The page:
Rommel though was a gallant enemy. He didn’t order his men to execute troops. He didn’t set out to oppress Jewish populations. If he could have avoided this on the Eastern Front we’ll never know, but we can credit him for it where he did fight. In fact, he is said to have ripped up an order from Hitler that ordered him to execute prisoners and then announced that the order wasn’t clear to those around him.
The Australian General Morshead considered Rommel to be highly predictable in how he would initially attack. This is one of the reasons why he failed to take Tobruk from the mostly Australian garrison. Morshead was able to time and time again work out where Rommel would attack and would have the needed defences there to resist. Morshead said that if Rommel had shown a bit more unpredictability the “Fortress” would have fallen as the defenders did not have enough antitank guns, etc to defend everywhere.
I feel that a lot of people talk Rommel up because he’s well known and he’s the “Nazi” you can openly talk about respecting without people looking at you funny. However, I would say he was a mediocre general who was promoted above his means due to his relationship with Hitler. He was a captain trapped in the body of a General/Field Marshal. As a captain things he did wouldn’t have been a problem, in fact they would have worked well. As a general though he acted as a captain. Rommel is quite often praised for his tactical abilities. Tactics though (the small scale stuff, what soldiers do in battle) wasn’t supposed to be what a general worried about.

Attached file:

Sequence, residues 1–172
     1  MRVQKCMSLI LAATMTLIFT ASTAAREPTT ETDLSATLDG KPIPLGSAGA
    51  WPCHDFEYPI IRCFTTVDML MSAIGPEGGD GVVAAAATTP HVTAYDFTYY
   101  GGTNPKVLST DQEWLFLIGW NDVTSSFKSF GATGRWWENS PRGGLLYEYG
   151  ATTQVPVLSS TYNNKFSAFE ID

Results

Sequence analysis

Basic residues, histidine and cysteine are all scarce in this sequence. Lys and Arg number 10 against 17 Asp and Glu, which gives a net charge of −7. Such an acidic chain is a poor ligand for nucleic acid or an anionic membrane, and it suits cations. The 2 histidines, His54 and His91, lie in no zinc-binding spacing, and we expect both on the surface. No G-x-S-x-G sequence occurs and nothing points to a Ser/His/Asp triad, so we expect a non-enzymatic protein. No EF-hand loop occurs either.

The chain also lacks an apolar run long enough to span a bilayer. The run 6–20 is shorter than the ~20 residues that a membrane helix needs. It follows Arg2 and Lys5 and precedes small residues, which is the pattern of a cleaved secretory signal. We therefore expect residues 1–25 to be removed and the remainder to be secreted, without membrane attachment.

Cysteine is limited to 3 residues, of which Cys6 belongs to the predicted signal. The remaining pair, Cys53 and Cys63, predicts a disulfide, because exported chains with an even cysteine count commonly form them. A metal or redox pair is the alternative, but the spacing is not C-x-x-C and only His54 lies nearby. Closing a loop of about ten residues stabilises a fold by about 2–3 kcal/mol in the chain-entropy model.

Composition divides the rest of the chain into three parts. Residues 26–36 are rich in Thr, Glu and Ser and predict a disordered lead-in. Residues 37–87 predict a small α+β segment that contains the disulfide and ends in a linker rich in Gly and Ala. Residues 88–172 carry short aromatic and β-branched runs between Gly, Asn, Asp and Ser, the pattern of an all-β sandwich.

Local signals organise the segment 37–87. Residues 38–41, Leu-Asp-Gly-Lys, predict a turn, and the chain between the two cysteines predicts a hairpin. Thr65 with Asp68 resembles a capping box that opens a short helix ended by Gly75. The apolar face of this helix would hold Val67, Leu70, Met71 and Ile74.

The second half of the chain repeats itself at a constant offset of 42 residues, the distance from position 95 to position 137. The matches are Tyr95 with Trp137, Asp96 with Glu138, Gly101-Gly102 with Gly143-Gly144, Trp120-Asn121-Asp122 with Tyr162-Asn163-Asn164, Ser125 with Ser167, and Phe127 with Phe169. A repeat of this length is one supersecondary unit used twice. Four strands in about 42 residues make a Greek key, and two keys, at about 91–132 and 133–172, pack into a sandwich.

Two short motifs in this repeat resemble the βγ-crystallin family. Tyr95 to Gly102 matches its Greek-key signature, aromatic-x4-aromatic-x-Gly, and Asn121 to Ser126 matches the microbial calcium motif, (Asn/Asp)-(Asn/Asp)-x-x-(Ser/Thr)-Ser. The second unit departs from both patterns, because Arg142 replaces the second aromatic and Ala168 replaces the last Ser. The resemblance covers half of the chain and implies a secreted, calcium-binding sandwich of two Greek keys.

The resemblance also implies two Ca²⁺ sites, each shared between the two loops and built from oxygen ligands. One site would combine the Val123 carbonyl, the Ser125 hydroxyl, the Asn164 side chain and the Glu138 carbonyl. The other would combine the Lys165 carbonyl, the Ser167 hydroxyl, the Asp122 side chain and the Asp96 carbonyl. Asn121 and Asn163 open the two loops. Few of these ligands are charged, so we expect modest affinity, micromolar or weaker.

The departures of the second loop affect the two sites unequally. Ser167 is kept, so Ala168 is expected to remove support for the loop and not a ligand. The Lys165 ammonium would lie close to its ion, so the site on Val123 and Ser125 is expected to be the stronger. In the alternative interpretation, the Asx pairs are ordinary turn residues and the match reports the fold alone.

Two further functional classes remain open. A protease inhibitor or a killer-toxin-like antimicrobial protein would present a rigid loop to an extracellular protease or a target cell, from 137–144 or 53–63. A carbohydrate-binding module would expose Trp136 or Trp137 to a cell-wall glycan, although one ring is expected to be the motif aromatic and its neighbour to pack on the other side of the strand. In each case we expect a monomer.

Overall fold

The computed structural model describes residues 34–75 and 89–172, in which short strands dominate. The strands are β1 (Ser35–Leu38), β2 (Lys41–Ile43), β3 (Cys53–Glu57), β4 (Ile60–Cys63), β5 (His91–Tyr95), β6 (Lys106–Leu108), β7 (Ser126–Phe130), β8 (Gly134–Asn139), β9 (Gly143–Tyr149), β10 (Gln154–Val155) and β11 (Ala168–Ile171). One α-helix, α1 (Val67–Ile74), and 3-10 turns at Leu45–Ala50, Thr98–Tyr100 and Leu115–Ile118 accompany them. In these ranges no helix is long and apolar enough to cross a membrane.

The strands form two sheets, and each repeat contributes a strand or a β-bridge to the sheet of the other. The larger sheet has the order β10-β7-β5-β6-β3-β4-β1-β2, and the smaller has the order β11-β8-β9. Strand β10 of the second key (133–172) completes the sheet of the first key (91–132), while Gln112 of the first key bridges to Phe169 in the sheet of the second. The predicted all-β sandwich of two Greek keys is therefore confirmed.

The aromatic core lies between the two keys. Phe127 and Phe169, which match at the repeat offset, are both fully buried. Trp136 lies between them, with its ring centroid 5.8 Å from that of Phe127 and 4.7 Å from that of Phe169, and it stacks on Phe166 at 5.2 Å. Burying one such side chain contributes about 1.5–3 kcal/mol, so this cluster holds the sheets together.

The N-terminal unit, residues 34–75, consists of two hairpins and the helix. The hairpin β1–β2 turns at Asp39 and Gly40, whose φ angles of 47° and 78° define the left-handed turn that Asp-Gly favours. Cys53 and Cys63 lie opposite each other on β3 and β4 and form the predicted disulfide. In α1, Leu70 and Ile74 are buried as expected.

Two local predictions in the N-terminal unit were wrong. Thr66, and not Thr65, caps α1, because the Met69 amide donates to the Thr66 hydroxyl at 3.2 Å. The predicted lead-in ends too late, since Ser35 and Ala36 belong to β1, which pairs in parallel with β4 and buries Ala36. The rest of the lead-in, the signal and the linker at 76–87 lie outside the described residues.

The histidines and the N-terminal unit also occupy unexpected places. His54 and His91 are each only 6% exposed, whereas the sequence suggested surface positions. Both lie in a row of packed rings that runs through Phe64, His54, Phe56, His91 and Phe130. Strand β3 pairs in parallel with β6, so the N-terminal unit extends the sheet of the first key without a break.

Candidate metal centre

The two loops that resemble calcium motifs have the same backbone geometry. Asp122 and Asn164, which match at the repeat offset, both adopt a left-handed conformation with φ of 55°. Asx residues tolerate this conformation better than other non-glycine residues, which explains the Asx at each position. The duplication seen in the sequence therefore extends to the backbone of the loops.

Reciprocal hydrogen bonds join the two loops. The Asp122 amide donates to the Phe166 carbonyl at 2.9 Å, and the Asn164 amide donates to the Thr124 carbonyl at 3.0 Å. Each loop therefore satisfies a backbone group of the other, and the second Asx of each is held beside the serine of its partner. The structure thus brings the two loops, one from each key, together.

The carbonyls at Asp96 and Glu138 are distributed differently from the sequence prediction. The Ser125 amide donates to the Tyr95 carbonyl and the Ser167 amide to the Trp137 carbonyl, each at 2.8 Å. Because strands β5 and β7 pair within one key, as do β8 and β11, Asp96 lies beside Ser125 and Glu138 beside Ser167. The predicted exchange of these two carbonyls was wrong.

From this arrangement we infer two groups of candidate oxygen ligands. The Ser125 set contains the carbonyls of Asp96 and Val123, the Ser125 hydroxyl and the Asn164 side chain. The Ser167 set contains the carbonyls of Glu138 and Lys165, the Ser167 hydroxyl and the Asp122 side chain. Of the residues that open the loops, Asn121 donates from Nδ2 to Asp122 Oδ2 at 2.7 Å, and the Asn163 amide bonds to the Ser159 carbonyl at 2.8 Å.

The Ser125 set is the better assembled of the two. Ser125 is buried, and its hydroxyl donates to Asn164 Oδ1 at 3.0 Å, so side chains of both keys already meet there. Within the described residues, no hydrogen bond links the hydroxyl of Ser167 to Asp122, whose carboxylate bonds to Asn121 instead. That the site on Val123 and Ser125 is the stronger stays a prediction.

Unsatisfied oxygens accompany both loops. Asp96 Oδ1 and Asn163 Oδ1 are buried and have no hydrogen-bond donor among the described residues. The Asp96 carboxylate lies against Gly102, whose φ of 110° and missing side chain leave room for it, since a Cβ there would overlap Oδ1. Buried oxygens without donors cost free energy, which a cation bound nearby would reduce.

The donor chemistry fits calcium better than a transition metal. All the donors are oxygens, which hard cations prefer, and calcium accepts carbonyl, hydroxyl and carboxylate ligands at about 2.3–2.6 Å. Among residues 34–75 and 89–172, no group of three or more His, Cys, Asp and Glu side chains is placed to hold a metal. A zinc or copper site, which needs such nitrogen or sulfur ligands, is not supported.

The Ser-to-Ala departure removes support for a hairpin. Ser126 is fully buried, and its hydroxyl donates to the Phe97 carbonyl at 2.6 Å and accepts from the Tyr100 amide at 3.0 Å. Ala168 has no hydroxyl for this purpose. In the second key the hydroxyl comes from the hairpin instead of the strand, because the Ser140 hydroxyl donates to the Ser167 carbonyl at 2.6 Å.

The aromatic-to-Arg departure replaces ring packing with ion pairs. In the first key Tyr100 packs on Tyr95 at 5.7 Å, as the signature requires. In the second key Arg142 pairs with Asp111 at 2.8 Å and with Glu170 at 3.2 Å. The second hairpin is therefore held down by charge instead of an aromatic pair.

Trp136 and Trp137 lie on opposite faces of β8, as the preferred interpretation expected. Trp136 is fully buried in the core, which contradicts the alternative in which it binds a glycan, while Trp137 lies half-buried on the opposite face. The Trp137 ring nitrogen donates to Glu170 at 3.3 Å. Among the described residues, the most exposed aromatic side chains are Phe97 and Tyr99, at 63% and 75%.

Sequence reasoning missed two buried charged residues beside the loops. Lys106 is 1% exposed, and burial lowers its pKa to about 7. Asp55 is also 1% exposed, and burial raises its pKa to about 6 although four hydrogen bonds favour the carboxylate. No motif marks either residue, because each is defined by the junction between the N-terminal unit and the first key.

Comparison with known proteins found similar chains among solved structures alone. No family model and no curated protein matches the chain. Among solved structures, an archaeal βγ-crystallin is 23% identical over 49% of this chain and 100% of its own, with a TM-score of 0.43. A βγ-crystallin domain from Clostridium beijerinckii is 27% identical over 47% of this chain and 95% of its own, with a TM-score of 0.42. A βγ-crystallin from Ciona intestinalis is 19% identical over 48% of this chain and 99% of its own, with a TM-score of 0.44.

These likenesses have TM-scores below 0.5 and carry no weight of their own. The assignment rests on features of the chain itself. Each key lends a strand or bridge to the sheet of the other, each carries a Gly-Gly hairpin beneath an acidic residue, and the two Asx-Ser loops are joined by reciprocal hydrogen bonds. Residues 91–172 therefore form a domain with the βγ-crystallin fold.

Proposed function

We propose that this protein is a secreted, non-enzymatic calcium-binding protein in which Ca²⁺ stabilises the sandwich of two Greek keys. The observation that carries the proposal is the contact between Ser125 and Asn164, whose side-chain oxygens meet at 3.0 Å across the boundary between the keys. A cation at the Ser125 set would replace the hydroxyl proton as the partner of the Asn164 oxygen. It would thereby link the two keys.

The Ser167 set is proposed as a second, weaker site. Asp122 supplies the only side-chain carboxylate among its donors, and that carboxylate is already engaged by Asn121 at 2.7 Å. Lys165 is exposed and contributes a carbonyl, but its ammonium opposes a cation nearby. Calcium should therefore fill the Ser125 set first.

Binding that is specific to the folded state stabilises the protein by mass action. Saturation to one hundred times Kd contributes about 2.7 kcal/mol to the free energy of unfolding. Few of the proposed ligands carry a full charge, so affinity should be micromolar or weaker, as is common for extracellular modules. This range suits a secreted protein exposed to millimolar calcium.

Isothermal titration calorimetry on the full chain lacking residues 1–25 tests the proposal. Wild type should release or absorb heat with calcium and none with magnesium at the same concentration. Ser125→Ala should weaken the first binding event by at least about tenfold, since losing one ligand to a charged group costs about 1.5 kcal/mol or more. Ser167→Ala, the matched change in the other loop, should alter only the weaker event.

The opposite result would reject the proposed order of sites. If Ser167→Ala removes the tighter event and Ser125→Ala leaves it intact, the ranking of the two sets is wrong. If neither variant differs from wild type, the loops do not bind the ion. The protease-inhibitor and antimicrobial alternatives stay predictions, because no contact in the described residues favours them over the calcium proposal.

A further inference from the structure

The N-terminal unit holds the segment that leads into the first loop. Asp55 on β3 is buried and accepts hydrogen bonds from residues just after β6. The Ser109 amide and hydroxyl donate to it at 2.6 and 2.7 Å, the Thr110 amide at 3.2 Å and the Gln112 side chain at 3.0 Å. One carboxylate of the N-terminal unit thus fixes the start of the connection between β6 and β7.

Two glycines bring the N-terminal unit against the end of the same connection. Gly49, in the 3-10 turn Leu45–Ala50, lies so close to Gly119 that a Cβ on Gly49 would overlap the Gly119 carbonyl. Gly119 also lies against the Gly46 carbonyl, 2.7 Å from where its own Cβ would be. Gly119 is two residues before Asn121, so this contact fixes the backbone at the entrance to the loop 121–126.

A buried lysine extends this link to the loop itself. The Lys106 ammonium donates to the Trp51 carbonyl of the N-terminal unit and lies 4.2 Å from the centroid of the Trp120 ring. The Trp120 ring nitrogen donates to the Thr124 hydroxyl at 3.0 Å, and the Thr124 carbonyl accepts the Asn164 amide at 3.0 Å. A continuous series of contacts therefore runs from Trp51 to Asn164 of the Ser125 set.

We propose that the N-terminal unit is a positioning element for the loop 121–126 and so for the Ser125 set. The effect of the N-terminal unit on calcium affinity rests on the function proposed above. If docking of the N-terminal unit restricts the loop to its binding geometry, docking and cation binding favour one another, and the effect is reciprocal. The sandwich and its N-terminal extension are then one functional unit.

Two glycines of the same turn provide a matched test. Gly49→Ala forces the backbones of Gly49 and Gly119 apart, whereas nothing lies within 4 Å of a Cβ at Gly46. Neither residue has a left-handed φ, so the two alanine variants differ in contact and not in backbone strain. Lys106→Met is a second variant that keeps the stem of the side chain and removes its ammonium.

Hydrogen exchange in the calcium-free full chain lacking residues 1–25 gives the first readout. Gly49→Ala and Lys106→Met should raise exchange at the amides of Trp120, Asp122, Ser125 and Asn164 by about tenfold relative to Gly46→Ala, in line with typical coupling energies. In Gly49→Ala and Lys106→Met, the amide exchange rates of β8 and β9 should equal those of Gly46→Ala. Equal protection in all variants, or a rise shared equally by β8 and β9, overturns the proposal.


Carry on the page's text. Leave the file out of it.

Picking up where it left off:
Since the first nuclear explosion in 1945, nearly 2,000 nuclear tests have been performed, with the majority taking place during the 1960s and 1970s. Nearly 1000 of these were at the Nevada Test Site in the desert outside Las Vegas. When the technology was new, tests were frequent and often spectacular, and led to the development of newer, more deadly weapons. All sorts of tests were conducted; to animals, to houses, bridges, clothing and shelters. These mushroom clouds and craters became a tourist attraction. They were banned in 1963, giving way to underground testing, which involved lowering a massive nuclear device several hundred feet underground, rattling the bones of the earth and producing craters, “sink depressions,” across the barren landscape as big as 1,500 feet in diameter.
But wait, there’s more!
FUN FACT: Ayn Rand’s original protagonists for her novels (whom her later protagonists were based off of) were based on a psychopath named William Hickman that kidnapped a little girl, demanded ransom, received it, and mutilated her body anyway, returning to her parents a corpse without internal organs.
To be fair, she wasn’t admiring this monster’s horrible acts (what she called his degeneracy). But it seems like she was inspired by how Hickman couldn’t be controlled by the imposing and controlling morality of society. She wanted “A Hickman with a purpose” in Renahan, her protagonist.
“The first thing that impresses me about the case is the ferocious rage of a whole society against one man. No matter what the man did, there is always something loathsome in the ‘virtuous’ indignation and mass-hatred of the ‘majority.’… It is repulsive to see all these beings with worse sins and crimes in their own lives, virtuously condemning a criminal…”
According to the Wikipedia page, Rand liked how Renahan was
“born with a wonderful, free, light consciousness — [resulting from] the absolute lack of social instinct or herd feeling. He does not understand, because he has no organ for understanding, the necessity, meaning, or importance of other people … Other people do not exist for him and he does not understand why they should.”